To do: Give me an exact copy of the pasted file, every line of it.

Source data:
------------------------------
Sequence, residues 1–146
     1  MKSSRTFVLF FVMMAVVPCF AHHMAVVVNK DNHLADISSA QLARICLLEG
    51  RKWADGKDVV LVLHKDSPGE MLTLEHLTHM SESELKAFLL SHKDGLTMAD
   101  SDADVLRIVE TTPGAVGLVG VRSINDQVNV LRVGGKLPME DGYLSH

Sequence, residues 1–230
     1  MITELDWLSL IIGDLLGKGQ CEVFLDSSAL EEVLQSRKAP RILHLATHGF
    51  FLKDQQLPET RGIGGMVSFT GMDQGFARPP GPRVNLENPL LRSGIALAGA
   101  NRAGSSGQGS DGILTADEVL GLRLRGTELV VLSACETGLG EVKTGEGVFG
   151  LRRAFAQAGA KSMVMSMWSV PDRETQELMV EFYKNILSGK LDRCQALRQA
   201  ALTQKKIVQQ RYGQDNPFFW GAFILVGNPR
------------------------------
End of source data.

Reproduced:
Sequence, residues 1–146
     1  MKSSRTFVLF FVMMAVVPCF AHHMAVVVNK DNHLADISSA QLARICLLEG
    51  RKWADGKDVV LVLHKDSPGE MLTLEHLTHM SESELKAFLL SHKDGLTMAD
   101  SDADVLRIVE TTPGAVGLVG VRSINDQVNV LRVGGKLPME DGYLSH

Sequence, residues 1–230
     1  MITELDWLSL IIGDLLGKGQ CEVFLDSSAL EEVLQSRKAP RILHLATHGF
    51  FLKDQQLPET RGIGGMVSFT GMDQGFARPP GPRVNLENPL LRSGIALAGA
   101  NRAGSSGQGS DGILTADEVL GLRLRGTELV VLSACETGLG EVKTGEGVFG
   151  LRRAFAQAGA KSMVMSMWSV PDRETQELMV EFYKNILSGK LDRCQALRQA
   201  ALTQKKIVQQ RYGQDNPFFW GAFILVGNPR